“For years, I’ve been frustrated with how creativity is valued in Ireland. We have massive social issues facing us and the generation coming up, yet we’re not teaching the skills they need to tackle these issues. Employers are looking for creative thinkers, but you are just expected to be creative. It’s approached like a talent, but creativity is a skill that can be taught and The B!g iDea grew out of that. I wanted to find a way to teach creativity in our schools, and I wanted to deliver it free, to make it as inclusive as possible. I also wanted a course to suit all learning abilities and styles.”

For Kim, design is not just about creating beautiful products. It’s about driving social impact and addressing critical issues like gender equality, diversity, and climate change. Kim is an inspiration to designers everywhere—and exactly the kind of role model we need in the industry.

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Sarah Doody

If you’re active on social media, you’re likely already following Sarah Doody. Sarah is a top voice in UX with over 70,000 followers on LinkedIn alone. 

Sarah is known for her work as a UX designer, researcher, and passionate educator.  She spent the early years of her career on the New York City startup scene before embarking on a highly successful journey as a self-employed designer and strategist. Sarah has had a hand in shaping the UX for major brands such as CitiBike, WeWork, The Muse, Dow Jones, and many, many more. 

Sarah’s remarkable career as a UX practitioner has gradually evolved to focus on education and mentorship. In 2017, she founded Career Strategy Lab—a UX career coaching incubator aimed at helping professionals in the field advance their careers.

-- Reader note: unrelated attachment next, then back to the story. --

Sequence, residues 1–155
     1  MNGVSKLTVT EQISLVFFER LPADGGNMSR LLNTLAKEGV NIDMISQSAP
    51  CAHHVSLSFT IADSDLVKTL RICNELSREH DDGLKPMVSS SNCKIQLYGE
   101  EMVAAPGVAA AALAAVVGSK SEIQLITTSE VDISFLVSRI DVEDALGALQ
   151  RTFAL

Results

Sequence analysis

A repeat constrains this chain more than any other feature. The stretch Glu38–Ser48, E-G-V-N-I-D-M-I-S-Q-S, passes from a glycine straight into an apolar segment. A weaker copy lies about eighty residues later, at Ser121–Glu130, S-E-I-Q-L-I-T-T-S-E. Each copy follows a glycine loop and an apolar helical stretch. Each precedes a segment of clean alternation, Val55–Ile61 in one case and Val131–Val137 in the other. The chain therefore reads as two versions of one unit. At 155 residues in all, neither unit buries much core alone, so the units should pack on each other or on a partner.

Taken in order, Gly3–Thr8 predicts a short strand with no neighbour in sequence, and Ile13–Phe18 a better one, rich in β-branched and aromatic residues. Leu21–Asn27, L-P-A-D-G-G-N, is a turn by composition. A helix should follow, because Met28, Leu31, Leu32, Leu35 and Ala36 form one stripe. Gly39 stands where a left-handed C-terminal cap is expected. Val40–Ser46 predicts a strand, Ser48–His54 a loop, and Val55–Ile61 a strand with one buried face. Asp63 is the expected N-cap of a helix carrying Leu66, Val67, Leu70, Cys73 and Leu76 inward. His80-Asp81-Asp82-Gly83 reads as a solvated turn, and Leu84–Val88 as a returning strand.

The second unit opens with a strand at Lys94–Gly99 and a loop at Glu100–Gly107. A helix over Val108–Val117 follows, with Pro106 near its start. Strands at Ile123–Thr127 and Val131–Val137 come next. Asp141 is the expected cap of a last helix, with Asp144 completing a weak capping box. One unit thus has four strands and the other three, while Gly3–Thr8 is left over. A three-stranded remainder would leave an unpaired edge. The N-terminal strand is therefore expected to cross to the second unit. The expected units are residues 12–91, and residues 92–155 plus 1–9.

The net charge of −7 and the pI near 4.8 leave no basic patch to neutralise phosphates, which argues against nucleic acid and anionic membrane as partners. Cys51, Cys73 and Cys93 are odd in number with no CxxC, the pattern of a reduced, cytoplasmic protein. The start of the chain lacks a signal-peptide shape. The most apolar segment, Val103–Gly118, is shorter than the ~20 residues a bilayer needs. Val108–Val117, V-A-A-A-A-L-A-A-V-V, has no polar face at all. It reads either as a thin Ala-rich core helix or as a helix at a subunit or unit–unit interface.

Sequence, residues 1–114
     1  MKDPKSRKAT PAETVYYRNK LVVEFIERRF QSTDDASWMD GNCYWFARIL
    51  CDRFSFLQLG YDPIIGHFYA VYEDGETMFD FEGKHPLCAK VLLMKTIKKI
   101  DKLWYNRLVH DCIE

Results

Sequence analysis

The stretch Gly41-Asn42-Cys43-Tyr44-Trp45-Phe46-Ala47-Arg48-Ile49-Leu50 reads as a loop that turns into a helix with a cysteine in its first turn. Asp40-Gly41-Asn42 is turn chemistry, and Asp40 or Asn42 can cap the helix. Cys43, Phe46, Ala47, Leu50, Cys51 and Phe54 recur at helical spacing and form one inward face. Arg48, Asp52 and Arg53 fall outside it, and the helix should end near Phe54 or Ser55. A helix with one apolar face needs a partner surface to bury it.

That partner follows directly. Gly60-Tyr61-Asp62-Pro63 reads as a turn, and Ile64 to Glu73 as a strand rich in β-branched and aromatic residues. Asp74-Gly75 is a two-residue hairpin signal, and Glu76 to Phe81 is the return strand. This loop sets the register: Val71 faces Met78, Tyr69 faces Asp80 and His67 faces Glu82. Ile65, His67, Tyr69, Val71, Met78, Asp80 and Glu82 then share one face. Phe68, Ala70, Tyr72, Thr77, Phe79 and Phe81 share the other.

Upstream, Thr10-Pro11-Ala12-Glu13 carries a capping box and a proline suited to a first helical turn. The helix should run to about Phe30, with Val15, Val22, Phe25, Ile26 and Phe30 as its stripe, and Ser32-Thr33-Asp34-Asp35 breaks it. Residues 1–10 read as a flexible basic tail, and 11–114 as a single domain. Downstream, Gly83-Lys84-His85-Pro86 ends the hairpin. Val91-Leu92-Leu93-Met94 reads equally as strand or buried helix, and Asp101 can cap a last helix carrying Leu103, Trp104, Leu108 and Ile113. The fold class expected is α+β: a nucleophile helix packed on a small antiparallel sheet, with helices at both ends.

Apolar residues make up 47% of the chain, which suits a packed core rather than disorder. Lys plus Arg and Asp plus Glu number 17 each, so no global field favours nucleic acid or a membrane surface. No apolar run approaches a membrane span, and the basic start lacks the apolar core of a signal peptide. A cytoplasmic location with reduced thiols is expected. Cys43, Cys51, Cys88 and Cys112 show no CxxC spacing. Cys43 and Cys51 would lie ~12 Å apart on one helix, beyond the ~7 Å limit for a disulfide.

Sarah is also currently working on her new book, The Product of You: How To Design, Market, And Sell Yourself In Your Career. The book will help creative and tech professionals apply their problem-solving skills to their own careers, and is due for release in 2024. Watch this space!

On the issue of getting more women into UX, Sarah talks about the importance of representation:

“As the UX community grows, we must work hard to increase awareness of other women in UX. Once I said to someone, “Why should I teach UX, aren’t there enough UX courses out there?”, and the person replied, “Yes, but some people want to learn from you.” We’re drawn to and connect with different types of people—personality, background, life experience. By promoting a diverse range of women in UX, we increase the awareness of many great people to learn from.”

And, if you’re already working in the field, Sarah urges you to back yourself when it comes to taking the next step in your career.